Base Stocks

April Base Oil Report


April Base Oil Report

False Start

In late February, base oil market participants continued to hold on to hopes that business would improve in the coming weeks, when lubricant manufacturers typically start to build inventories in preparation for the summer driving season.  

However, domestic demand remained generally lackluster, despite a slight ramp-up in orders, while export activity was healthy but had started to fray at the seams. 

Amid this uncertain market scenario, it was a bit of a surprise when news circulated that ExxonMobil had communicated a 20-cents-per-gallon posted price increase on its API Group I, Group II and Group II+ base oils for Feb. 23 implementation, followed by a similar initiative by Paulsboro Refining. Paulsboro also called for a 20-cent increase on its Group I base oils, effective Feb. 28. At the time of writing, no other initiatives had emerged. 

Some producers believed the initiatives had been premature, as demand had not picked up in earnest and fundamentals were not supportive of the increases. But they also expressed concern about climbing production and transportation costs, and explained that the initiatives would have had an increased chance of success if they had been announced a few weeks later. Sources did admit that the proposed increases helped stem the slide of domestic Group I and Group II spot values, which had been under pressure given oversupply conditions. 

As it stood in early March, the posted price increases were still being negotiated, with at least one of the producers granting temporary value allowances for the full amount of the increase—to be reviewed in 30 days—and other customers expecting delayed implementation of the hikes. 

There were rumblings that ExxonMobil’s intention had been to discourage additional orders by increasing base oil prices because its supplies had tightened due to a two-month turnaround at its Rotterdam, Netherlands, Group II plant. The producer had ostensibly shipped products from the United States and Singapore to meet requirements in Europe and had little extra material in its system.  

Downstream, conditions were described as fairly disappointing for most independent lubricant manufacturers, because demand for finished products remained sluggish and there had been fierce price competition to protect or regain market share. Some participants said they had adjusted finished product prices down to retain accounts, but this meant production costs were barely covered. 

Meanwhile, base oil producers expressed concern about increases in production and transportation costs. The ongoing Houthi attacks on commercial vessels in the Red Sea and the need to circumvent the Suez Canal when shipping products from the Middle East and Asia resulted in longer voyages around the Cape of Good Hope in South Africa and increased freight rates. These increases affected Group III shipments in particular, given that most volumes consumed in the Americas are imported from Asia and the Middle East. Recent delays in the Panama Canal also affected Group III cargoes, as many of these shipments cross the Canal to reach the U.S. Gulf or the East Coast of South America.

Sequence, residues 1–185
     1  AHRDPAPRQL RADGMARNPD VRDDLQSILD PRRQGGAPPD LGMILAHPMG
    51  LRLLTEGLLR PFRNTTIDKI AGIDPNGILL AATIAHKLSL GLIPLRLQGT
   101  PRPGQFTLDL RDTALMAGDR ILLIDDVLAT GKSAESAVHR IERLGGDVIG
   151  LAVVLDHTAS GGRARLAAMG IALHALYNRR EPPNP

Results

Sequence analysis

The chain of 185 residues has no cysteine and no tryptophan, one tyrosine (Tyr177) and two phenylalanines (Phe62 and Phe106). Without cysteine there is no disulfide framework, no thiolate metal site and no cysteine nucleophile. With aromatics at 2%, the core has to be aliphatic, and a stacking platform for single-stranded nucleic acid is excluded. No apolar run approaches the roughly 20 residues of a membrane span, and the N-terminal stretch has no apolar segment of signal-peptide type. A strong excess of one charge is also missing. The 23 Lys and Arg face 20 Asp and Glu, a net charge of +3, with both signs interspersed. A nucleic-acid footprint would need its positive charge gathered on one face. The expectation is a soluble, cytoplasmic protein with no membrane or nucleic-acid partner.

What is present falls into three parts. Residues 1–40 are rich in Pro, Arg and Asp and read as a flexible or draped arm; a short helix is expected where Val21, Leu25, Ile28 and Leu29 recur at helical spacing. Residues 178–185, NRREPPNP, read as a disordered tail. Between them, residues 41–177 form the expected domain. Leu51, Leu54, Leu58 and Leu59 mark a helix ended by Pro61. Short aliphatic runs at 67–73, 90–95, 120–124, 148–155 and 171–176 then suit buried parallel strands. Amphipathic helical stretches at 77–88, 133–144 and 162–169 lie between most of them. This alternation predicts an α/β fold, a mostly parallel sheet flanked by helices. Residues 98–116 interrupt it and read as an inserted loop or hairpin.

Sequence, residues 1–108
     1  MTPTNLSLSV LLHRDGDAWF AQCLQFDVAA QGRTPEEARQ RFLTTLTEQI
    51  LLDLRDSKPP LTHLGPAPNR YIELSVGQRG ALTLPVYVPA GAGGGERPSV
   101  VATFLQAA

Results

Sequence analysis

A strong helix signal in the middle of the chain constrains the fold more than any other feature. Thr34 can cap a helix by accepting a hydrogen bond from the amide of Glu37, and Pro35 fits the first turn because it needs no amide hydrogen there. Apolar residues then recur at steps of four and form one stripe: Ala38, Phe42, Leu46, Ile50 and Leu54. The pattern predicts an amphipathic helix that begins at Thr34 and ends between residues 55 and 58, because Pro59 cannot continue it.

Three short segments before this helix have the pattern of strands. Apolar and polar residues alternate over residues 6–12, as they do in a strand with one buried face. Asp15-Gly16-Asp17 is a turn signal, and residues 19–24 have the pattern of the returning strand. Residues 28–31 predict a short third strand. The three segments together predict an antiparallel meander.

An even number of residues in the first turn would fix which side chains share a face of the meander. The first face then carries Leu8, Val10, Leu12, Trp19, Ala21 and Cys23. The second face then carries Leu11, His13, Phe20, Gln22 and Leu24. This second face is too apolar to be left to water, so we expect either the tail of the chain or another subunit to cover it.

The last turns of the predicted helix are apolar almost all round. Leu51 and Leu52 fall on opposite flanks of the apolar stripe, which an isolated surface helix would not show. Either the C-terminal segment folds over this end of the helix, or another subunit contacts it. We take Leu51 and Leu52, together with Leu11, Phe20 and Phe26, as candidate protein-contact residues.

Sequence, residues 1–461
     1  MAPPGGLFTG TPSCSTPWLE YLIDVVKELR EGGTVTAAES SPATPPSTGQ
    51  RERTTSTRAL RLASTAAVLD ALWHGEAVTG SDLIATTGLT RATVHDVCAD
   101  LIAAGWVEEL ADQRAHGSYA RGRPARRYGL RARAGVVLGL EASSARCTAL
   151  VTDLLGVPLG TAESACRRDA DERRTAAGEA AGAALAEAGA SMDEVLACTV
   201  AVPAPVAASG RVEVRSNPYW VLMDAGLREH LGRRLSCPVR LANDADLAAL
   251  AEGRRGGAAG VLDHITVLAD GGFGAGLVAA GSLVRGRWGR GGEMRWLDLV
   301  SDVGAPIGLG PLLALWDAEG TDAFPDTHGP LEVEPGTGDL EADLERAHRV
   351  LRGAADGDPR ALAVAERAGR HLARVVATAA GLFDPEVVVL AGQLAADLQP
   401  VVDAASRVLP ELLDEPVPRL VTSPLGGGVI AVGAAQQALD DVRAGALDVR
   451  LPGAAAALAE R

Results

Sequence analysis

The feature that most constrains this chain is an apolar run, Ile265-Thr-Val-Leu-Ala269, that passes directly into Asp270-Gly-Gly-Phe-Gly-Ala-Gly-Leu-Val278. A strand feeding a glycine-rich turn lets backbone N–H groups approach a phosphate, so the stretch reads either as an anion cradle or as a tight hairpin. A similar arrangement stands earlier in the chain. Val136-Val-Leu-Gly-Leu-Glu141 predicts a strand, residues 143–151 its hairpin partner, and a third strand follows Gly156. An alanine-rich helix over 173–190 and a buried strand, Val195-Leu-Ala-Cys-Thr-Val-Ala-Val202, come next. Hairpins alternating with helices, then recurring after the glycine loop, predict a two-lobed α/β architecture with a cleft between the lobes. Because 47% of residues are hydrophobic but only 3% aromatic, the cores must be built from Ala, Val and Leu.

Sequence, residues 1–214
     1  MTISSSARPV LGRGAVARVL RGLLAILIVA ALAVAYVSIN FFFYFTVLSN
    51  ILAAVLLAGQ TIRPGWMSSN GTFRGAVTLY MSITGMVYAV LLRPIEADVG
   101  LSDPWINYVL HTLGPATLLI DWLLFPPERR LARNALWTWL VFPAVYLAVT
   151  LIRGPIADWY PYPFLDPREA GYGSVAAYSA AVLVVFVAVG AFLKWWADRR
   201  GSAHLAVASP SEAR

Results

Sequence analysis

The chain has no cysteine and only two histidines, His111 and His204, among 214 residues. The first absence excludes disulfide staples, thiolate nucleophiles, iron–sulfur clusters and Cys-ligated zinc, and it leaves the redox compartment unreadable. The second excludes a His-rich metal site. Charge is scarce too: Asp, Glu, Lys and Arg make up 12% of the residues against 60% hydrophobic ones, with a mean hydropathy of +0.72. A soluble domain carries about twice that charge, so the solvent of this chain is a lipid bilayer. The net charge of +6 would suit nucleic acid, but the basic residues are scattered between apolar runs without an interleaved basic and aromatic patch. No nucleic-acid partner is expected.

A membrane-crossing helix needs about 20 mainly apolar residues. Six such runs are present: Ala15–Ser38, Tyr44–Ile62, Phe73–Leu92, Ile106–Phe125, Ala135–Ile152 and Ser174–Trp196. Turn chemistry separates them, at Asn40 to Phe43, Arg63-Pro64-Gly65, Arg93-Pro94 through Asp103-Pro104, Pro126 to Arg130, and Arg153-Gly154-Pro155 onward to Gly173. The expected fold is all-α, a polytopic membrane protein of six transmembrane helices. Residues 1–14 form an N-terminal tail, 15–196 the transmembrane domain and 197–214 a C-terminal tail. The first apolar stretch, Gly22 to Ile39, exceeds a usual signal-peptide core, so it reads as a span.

By early March, prices for Group III grades stabilized because of more limited spot cargo availability. A key South Korean Group III producer scheduled a turnaround from mid-March until the end of April. The supplier will be able to meet requirements, as it has built stocks and has continuous production at other sites, but the shutdown was expected to tighten short-term inventory. Meanwhile, Group I and II grades remained under pressure due to plentiful availability and slow-to-emerge demand. 

Base oil producers in both the naphthenic and paraffinic camps were keeping a close eye on crude oil and natural gas values, with prices having risen significantly since last December and pressuring production costs. West Texas Intermediate futures were hovering near $78 per barrel during the first week of March and had settled at $68.61 per barrel on Dec. 12, 2023. 

Given that domestic base oil demand has not been particularly strong in the first two months of the year, suppliers continued to target exports into India, the Middle East, Europe, Africa and Latin America. News of the permanent shutdown of the ENI Group I plant in Livorno, Italy, triggered speculation that export opportunities for Group I cargoes moving to Europe may emerge in the coming months.

On the naphthenic side, supply and demand were characterized as balanced-to-tight, supporting fairly stable pricing. Suppliers expected high-viscosity pale oil requirements from the tire, asphalt and rubber modifier segments to grow in the spring, while the lighter grades continued to enjoy steady activity. Cross Oil was heard to have scheduled a three-week turnaround at its Smackover, Arkansas, plant in March, which came on the back of recent maintenance programs at two other facilities and a brief shutdown at Cross’ unit in mid-January due to extreme weather, leading to a tightening of pale oil availabilities. 

March was expected to be pivotal for the base oils market, likely providing an indication of what business might look like during the traditionally busiest time of the year. While the increase initiatives announced by two producers were not expected to gain much traction, they did foreshadow the conditions that might come into play during the much-awaited spring production season.  

Gabriela Wheeler is base oil editor for Lubes’n’Greases. Contact her at